Originally created 10/03/04

Across Georgia

Black lawyer's suit against IRS fails

COLUMBUS - A black lawyer's legal attempt to stop the Internal Revenue Service from taxing blacks because he says they have been denied basic rights has failed.

A federal judge ruled that William Wright's lawsuit challenging the federal tax code has no merit.

Mr. Wright, a 64-year-old lawyer in Columbus, sued the IRS and federal government in May, seeking a refund and a halt to tax collections from other black citizens in the United States.

He argued that the tax code applies to "citizens and aliens," but can't be applied to blacks because they are neither citizen nor alien "by reason of the denial of basic rights of citizenship."

Man found innocent in stabbing death

DECATUR - A man accused of fatally stabbing his drug dealer has been acquitted of murder charges.

A DeKalb County jury found Ross Deadwyler, 37, not guilty of murder and possession of cocaine with intent to distribute.

Mr. Deadwyler claimed that he was defending himself when he fatally stabbed his cocaine supplier, Alonzo Smith, more than 30 times Nov. 4, 2003.

Mr. Deadwyler testified that he would let Mr. Smith use his car in exchange for cocaine but had refused that night, even after he took cocaine from him.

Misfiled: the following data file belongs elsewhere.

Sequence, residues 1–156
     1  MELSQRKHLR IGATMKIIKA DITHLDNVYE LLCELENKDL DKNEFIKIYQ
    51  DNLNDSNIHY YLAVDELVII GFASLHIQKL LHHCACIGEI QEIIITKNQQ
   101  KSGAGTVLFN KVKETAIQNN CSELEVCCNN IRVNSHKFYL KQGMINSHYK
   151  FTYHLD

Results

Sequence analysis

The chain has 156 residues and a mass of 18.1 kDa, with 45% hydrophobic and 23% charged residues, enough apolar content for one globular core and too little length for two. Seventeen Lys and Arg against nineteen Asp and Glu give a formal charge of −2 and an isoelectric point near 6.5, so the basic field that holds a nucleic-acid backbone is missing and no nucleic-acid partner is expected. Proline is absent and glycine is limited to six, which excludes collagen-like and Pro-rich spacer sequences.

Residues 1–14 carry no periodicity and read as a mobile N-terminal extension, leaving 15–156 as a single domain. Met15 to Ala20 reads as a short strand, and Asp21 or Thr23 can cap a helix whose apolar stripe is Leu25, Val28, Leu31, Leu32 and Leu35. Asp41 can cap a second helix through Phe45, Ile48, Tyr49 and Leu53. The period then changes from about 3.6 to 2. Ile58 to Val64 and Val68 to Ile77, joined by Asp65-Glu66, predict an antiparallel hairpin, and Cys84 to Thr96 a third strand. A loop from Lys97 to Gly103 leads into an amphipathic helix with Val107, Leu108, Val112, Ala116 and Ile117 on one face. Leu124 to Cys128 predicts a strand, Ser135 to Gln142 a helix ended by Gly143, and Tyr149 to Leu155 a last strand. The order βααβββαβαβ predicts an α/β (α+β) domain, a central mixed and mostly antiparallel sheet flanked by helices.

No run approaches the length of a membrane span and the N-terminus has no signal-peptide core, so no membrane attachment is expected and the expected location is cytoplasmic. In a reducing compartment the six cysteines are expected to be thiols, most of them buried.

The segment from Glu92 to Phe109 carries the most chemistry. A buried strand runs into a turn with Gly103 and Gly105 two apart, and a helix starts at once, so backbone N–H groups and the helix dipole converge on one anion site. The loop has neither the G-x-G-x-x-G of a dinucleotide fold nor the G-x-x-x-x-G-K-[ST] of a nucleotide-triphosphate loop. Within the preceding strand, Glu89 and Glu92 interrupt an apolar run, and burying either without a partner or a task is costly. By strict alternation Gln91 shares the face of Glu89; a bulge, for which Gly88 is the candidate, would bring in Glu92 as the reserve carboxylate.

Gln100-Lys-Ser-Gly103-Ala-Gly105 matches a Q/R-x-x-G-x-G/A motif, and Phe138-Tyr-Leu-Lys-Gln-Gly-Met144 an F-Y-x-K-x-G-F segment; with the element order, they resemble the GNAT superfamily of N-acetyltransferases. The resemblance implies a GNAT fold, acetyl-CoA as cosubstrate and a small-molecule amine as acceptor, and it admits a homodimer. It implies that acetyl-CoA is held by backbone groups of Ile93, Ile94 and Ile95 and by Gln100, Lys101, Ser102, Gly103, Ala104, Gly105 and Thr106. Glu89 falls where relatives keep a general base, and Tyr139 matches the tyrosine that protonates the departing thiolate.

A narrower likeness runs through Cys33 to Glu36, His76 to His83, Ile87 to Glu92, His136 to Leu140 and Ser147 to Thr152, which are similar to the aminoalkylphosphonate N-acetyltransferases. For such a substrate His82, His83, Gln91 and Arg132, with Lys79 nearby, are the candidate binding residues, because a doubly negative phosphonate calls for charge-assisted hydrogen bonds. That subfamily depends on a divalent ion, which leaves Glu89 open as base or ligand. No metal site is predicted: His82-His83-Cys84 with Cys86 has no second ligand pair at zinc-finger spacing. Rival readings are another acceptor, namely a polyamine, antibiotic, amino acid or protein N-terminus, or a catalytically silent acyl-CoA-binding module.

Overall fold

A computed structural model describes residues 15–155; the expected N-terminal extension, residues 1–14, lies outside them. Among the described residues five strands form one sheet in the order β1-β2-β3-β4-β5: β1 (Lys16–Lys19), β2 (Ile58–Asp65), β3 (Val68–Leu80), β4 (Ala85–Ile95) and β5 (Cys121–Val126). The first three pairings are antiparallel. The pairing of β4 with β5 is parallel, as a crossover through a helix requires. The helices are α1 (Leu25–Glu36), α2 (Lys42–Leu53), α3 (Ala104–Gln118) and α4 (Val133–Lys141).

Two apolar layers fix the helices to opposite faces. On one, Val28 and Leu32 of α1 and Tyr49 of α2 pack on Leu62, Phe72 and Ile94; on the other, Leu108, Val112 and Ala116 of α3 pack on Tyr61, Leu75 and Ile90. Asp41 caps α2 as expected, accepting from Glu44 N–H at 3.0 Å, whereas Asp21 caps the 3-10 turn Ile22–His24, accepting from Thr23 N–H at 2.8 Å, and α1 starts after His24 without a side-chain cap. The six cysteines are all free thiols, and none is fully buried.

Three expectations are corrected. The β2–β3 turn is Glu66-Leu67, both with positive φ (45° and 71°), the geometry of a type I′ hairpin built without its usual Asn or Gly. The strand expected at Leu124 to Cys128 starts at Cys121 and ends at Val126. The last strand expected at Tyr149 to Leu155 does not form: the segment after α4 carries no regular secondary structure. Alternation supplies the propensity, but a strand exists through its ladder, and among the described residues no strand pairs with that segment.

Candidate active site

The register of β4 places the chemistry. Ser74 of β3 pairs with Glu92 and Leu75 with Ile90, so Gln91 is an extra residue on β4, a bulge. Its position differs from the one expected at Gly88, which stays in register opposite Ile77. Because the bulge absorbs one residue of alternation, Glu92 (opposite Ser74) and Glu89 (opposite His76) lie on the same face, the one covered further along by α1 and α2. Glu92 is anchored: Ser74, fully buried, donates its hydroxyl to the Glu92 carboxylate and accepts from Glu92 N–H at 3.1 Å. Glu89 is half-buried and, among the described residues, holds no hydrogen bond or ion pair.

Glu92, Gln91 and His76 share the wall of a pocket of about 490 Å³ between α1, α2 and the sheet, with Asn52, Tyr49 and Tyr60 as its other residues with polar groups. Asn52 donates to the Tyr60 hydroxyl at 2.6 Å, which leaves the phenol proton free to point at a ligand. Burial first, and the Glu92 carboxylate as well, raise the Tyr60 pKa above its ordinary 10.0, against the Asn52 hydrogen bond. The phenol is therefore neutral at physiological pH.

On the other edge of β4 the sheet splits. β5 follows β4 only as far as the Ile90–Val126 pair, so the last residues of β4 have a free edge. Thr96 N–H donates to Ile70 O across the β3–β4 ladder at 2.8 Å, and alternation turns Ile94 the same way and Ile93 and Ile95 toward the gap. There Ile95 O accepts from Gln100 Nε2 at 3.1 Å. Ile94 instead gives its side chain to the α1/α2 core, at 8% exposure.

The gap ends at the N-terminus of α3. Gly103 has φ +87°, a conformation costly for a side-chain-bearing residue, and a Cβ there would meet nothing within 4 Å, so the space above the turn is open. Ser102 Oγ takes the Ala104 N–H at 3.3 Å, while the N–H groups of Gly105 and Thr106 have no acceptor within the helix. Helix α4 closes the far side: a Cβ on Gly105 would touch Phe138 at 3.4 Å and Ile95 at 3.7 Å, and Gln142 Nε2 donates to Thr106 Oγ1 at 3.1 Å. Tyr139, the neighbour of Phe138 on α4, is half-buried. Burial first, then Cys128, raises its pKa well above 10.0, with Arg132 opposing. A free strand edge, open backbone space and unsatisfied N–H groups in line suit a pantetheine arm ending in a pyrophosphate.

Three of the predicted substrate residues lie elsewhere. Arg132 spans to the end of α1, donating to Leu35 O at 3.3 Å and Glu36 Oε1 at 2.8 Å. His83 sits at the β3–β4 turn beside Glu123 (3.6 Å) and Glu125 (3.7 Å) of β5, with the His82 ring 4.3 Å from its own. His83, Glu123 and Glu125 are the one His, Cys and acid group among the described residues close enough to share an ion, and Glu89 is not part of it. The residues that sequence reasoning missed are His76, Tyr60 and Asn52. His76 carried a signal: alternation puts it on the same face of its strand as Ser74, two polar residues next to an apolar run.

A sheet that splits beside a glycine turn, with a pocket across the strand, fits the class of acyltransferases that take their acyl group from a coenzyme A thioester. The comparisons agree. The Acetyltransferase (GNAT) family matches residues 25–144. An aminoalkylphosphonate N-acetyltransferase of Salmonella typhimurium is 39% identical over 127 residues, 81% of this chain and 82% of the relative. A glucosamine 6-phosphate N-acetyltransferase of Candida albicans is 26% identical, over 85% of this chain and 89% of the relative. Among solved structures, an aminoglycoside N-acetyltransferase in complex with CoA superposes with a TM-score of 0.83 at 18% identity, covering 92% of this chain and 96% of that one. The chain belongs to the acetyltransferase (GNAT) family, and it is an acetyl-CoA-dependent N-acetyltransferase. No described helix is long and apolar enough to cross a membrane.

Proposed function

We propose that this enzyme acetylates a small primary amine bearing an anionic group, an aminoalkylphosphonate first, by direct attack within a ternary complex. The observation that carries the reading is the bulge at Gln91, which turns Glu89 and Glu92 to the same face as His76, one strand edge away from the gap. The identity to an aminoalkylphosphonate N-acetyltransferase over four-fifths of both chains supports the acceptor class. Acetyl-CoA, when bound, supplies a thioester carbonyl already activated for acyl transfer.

Teens plead guilty to vehicular homicide

LAWRENCEVILLE - Two Gwinnett County teenagers accused of drag racing and causing the death of a 17-year-old boy have pleaded guilty.

Stephen Carter, 19, of Loganville, pleaded guilty to felony hit and run, misdemeanor racing and misdemeanor vehicular homicide. Paul Copeland, 18, of Snellville, pleaded guilty to felony vehicular homicide.

Superior Court Judge Debra Turner sentenced both to four years in prison.

15 students found to have tuberculosis

CUMMING - Fifteen students at Forsyth Central High School have tested positive for tuberculosis in preliminary tests, conducted after an 11th-grader was diagnosed with the condition earlier last month.

Despite testing positive, none had shown signs of the disease being active or contagious, said Dr. Melody Stancil, the district public health director.

The students will receive X-ray examinations to verify the presence of TB this week.



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